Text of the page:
John Brown, Delaware Indians, Tchaikovsky and mandolins - kind of a motley crew.
These unique elements are part of "A Kansas Nutcracker," a local incarnation of the timeless "Nutcracker" production.
Premiering at the Lawrence Arts Center, this version includes all of the same events as the original, but it was rewritten to follow the historical landscape of territorial Kansas during the 1850s.
"It's a wonderful script that just gives you a flavor of some of the issues of that time," said Candi Baker, dance director at the arts center.
In a diversion from the traditional ballet, the show's first act is designed as a play, and to give it a Kansas touch, the setting is a Christmas Eve barn party.
Featuring nearly 140 performers, the play is cast with both professionals and community participants. It's a delicate task to fit them all into the performance, Baker said.
"One of the challenges is to get that many bodies on stage, give them their moment to shine and really do it well," Baker said. "When we moved into this building, we saw this as an opportunity to really do it and do it well."
Now in its fourth year, the show continues to evolve.
"It's just been absolutely a delight to do," Baker said. "Every year has some new surprises."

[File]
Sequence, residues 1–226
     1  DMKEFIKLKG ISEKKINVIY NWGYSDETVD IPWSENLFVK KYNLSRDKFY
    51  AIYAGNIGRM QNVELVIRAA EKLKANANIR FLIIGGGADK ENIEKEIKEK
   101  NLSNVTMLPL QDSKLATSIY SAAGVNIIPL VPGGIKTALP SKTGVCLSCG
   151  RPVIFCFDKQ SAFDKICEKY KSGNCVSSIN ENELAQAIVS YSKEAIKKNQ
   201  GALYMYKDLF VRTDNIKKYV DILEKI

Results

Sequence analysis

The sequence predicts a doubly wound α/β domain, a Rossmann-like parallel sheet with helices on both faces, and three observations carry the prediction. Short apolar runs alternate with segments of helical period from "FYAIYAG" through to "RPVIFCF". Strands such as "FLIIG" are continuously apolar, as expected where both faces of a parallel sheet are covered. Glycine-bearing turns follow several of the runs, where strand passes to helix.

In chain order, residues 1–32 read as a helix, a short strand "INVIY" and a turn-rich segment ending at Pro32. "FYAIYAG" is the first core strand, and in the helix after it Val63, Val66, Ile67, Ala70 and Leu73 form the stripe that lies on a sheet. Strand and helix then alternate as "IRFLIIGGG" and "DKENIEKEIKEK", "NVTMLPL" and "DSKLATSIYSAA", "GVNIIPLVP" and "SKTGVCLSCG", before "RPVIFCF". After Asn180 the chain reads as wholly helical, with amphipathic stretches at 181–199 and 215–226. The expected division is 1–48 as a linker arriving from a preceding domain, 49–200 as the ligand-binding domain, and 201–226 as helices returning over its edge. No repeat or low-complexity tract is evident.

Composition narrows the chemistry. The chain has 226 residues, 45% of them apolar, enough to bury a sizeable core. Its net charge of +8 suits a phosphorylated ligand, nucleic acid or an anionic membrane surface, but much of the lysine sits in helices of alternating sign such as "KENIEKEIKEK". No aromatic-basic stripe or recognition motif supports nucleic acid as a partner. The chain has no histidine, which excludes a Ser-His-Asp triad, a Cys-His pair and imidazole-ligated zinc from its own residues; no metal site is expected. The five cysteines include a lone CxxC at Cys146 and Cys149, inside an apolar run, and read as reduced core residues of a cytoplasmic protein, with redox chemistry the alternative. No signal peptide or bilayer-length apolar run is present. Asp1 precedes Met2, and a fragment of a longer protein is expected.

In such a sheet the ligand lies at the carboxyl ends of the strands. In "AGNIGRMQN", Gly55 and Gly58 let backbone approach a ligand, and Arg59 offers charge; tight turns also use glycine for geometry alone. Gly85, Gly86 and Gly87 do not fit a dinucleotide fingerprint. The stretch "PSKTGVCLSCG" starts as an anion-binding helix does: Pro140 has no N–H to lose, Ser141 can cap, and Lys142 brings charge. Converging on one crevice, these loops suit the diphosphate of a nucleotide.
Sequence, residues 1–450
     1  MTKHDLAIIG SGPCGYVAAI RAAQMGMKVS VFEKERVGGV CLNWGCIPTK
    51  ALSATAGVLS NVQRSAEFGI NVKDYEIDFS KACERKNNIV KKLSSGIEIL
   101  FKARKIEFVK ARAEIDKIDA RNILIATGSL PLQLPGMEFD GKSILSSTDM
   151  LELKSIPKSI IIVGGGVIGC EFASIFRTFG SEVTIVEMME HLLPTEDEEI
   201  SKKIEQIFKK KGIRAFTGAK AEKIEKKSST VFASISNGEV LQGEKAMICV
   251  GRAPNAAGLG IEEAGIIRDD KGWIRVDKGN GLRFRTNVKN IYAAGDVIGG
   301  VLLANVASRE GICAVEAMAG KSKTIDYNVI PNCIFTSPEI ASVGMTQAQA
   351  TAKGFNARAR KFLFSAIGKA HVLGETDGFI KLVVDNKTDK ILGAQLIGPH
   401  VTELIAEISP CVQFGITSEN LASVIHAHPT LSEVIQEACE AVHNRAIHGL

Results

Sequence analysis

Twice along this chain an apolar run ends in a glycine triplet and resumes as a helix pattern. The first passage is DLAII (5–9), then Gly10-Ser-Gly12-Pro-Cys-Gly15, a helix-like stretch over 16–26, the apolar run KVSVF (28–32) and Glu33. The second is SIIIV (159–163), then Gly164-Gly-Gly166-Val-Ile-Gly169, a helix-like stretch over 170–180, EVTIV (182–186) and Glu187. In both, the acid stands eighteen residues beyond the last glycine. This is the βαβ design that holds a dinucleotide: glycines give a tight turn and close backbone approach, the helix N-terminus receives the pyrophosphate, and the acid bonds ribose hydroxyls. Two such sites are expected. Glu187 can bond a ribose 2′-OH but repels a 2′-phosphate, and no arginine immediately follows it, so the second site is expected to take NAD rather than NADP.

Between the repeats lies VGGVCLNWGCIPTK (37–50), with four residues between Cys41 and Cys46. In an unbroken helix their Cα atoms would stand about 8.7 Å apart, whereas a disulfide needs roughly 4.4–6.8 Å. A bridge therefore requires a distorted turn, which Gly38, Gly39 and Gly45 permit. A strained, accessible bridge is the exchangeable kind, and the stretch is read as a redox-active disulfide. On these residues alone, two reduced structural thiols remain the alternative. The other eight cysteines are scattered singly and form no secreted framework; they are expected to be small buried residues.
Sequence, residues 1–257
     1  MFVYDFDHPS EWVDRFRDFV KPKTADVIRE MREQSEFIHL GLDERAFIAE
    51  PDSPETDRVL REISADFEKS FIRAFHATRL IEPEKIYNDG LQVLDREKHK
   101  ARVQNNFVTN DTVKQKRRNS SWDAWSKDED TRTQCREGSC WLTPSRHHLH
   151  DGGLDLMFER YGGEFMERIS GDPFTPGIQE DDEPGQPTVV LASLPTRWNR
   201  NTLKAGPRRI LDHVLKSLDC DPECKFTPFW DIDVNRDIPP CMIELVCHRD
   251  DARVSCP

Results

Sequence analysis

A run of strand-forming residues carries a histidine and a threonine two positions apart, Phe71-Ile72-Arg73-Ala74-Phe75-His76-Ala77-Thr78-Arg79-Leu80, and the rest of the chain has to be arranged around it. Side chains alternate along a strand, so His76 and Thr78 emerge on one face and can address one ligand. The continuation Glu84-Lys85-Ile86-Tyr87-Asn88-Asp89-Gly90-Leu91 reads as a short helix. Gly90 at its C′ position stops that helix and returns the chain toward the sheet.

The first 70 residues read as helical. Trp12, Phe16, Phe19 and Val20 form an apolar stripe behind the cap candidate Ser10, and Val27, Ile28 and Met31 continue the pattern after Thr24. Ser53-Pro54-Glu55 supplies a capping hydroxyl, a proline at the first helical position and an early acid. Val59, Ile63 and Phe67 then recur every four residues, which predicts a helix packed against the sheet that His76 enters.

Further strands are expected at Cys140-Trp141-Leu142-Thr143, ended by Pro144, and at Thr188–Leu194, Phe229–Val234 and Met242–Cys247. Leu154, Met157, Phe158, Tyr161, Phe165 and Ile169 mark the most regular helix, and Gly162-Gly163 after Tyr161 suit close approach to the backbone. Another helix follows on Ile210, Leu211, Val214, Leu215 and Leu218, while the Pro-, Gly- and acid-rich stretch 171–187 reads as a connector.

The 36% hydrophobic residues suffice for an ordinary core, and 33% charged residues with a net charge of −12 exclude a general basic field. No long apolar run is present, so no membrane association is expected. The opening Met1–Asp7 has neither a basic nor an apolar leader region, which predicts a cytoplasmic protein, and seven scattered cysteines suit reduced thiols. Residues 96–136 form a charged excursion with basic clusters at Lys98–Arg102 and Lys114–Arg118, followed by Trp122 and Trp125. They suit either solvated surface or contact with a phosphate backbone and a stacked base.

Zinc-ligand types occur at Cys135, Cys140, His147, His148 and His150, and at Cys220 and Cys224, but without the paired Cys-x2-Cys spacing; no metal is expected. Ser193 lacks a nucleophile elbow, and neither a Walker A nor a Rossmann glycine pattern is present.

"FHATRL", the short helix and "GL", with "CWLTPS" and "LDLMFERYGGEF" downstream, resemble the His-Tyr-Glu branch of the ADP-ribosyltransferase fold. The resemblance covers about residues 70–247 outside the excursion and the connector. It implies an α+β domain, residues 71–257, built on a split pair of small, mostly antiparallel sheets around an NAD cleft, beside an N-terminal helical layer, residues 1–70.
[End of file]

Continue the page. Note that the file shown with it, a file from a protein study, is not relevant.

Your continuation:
Ric Averill, writer and drama director for the show, enjoys the changes that accompany each year's performances.
"One of the most fun challenges is that it's grown each year, so we're adding new characters as we go," Averill said.
If you go
What: A Kansas Nutcracker When: 7:30 p.m. Dec. 9-10, 16-17 and 2 p.m. Dec. 11 and Dec. 18 Where: Lawrence Arts Center, 940 N.H. Tickets: $16 for adults, $11 for children, students and seniors
Sarah Bezek, who played Clara two years ago, reprises the role with enhanced duties.
"She's a strong enough dancer now that she'll also dance the role of older Clara," Averill said.
In rewriting the script to include the history of territorial Kansas, Averill worked closely with Deborah Bettinger, artistic director and choreographer for the show.
"We just adapted all of the traditional 'Nutcracker' dances," Averill said. "Instead of being about candy, they're about dreams of Kansas."
Bettinger determined a change of scenery would offer a fresh perspective on the holiday classic.
"We wanted to focus on Clara's life on the Kansas territory in the 1850s and the issues she'd encounter," Bettinger said.
Averill noted that coordination between the artistic and dramatic aspects of the play is essential.
"I timed the entrances of some of the characters to the music exactly," he said. "It was a challenge to write the dialogue so it fit right with the music."
The music was rearranged by Jeff Dearinger, director of the Uptown Mandolin Quartet, to include a 12-piece mandolin orchestra while adding a prairie feel.
"A Kansas Nutcracker" opens Dec. 9.
"They're wonderful, delightful little dancers," said Baker, who is assisting with the choreography.
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